Of course, the swinging chainsaw over both of their heads is the fact that Ash is the only one to make it out of his movies alive. Sidekicks end up dead, which places a significant tension over the series. Because Kelly and Pablo are enjoyable characters. Two episodes in and they are already better developed than more network characters. But the level of sympathy that the audience is building carries with it the reminder that they can easily buy it and become boomstick fodder at any moment. With a second season already confirmed, but only Bruce Campbell and Lucy Lawless confirmed for a return, that leaves the fate of the others up in the air fort he next eight episodes.

Amanda is the most conventional character of the lot. She's the hardened cop who sees a thing she can't unsee. She's the Scully, basically, having all her preconceptions questioned by the impossible. Of the cast, hers is the character that most seems like she accidentally wandered in from another movie and now has to deal with Ash's shit. Because the films were isolated - cabins, or the past - Ash was the everyman through whom we were experiencing the Deadites. But from the moment he lopped Linda's head off, he's been circling the sanity drain. Amanda represents the wide world, and signifies the importance of Ash containing the evil in the book. Amanda's reactions are the reactions of everyone not already caught up in the whirlwind. And she's handling it the best she can, with dogged persistence and single minded logic. All the while wanting to curl up in a ball and scream until she bleeds from her ears. If more people are exposed, those that survive will just go mad from the truth.

Hilariously, because Ash is an idiot, the longer he stays on the road, the more distance he covers, the more the evil spreads. So rather than keeping it isolated and contained, like when he was in the cabin, he's causing the dead to spread. But as Bait makes an interesting point, the dead aren't just rising, looking to eat souls. they have a goal: they hate Ash. they have a real mean-on for this one guy. And that might speak to something larger at play here, because all of the dead's efforts so far have been focused on taking Ash down. One corpse here specially says they've always hated him. Is it just because he's in possession of the book that can put them back in the ground? That he's El Jefe, the destined one? Or is it just because they are sick and tired of him dicking them around? I like the idea that the writers have found a mystery to tease out of their straight forward premise. Or maybe I'm just reading more into what is just a visceral, explosive, hilarious series that doesn't need any more depth than the puddling blood on the floor.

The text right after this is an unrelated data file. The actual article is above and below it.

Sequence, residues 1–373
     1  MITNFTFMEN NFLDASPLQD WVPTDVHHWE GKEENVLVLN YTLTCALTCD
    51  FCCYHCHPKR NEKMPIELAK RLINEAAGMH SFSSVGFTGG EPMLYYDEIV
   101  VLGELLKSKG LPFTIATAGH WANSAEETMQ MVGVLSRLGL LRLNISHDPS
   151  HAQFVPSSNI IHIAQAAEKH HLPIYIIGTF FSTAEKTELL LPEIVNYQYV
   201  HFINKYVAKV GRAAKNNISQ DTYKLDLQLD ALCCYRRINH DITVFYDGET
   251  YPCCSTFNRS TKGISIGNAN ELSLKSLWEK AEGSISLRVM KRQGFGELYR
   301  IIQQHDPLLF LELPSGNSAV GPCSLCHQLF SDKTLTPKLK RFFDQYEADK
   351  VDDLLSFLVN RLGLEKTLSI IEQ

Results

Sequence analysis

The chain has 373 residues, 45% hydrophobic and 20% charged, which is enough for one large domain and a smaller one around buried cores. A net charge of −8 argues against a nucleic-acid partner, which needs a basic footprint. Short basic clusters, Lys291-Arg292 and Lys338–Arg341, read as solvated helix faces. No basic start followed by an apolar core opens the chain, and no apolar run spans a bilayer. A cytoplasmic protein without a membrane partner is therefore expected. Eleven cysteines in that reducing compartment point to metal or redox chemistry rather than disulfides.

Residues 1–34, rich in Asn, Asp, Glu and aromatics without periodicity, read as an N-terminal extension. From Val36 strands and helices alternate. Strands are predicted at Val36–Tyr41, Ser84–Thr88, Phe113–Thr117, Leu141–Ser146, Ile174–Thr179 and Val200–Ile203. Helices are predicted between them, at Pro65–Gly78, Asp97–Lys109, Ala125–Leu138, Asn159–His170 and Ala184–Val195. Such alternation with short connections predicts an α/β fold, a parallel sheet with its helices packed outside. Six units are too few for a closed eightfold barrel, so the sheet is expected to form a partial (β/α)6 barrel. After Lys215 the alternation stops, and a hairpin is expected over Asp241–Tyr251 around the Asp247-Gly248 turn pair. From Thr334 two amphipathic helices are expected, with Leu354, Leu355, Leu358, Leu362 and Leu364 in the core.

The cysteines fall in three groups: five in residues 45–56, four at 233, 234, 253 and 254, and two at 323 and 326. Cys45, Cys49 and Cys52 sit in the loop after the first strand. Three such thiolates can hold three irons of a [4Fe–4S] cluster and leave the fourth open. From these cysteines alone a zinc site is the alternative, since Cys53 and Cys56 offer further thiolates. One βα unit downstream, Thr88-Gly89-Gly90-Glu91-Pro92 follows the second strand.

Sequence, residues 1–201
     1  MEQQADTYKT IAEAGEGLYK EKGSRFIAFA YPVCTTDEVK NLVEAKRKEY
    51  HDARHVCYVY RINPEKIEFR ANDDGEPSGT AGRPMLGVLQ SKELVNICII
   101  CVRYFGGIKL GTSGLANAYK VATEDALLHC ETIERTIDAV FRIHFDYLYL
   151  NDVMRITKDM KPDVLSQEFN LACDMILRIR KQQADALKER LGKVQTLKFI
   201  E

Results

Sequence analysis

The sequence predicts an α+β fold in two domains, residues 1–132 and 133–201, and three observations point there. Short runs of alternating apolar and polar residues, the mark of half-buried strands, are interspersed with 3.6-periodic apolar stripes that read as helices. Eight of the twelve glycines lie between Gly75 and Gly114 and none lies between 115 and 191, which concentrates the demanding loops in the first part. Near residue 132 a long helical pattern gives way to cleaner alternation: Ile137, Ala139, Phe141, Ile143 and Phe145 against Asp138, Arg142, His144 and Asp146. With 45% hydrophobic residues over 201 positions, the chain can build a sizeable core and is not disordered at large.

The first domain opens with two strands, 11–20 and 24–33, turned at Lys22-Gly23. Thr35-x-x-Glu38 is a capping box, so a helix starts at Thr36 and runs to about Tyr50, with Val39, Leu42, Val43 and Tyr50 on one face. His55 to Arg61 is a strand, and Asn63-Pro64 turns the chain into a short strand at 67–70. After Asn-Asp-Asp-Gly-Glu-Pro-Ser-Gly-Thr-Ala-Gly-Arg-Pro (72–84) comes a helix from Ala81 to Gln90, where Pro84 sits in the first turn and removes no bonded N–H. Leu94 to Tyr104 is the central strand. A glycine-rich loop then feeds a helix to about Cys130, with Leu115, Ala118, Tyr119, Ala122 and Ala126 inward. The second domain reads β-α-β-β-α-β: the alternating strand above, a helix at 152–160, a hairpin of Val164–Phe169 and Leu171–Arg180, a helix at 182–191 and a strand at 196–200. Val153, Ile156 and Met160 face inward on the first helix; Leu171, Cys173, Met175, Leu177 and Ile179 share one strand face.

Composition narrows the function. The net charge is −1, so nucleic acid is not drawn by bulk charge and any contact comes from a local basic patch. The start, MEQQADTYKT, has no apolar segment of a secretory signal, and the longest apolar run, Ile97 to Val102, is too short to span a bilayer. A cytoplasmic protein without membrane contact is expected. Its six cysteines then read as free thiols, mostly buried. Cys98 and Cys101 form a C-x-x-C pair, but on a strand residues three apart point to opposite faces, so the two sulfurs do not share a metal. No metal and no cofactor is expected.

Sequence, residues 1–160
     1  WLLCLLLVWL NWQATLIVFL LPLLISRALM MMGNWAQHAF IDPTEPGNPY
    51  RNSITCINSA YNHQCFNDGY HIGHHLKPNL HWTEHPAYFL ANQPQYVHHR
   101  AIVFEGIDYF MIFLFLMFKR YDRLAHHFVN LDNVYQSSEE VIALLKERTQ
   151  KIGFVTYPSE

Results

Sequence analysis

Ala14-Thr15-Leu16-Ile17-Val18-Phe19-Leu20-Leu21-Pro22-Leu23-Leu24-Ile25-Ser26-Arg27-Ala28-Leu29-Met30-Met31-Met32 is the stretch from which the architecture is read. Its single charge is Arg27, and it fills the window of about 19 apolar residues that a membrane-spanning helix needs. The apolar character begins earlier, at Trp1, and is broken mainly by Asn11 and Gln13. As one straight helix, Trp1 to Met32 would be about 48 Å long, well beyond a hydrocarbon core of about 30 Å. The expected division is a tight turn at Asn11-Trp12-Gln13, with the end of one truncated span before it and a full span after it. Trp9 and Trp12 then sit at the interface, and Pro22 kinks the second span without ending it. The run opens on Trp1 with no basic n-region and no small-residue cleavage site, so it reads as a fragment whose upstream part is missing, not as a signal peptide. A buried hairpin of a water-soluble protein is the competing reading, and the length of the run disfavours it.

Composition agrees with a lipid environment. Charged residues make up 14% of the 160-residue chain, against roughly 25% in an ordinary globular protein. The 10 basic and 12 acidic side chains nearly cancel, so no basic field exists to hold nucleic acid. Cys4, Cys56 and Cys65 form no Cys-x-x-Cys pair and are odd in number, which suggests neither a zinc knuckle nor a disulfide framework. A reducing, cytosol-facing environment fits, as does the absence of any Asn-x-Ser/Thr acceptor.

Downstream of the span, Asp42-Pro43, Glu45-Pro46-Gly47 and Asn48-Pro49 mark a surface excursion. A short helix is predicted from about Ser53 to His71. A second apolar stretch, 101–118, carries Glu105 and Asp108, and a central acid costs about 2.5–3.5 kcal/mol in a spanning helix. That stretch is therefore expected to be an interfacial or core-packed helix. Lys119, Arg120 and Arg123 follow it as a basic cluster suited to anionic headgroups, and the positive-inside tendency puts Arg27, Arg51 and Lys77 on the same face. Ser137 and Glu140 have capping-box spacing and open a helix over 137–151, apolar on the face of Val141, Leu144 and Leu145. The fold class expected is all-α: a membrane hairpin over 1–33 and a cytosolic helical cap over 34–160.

I feel like there will be plenty of opportunities in the weeks ahead to discuss the effects, the camera work, the writing, and everything that made these two episodes pure delights. But I wanted to make mention of the acting. Bruce Campbell may have carved out a steady and lucrative career as the greatest B-Movie actor ever, but we should not forget that the man is a consummate professional and talented to boot. If he's hamming it up, its because he's doing so deliberately, not because he's lacking in ability. Watch any Syfy original movie and you'll see plenty of people who can't act. Watch Bruce Campbell, and you get a lesson in how to act accordingly. It's an attitude that is attractive, judging by the quality of those willing to take part. Despite Lucy Lawless only popping up briefly in the first episode, she promises to play a much larger role in the future. And if Mimi Rogers in any indication of the stunt casting the show is capable of pulling off on a weekly basis (it put me to mind of Bridget Fonda's cameo in Army of Darkness), this show might just become the horror equivalent of the Muppet Show.
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About MR. Clark

Adopting the descriptor of "successfully unpublished author", MR. Clark began writing things on the internet in 2012, which he believed to be an entirely reputable and civilized place to find and deliver information. He regrets much.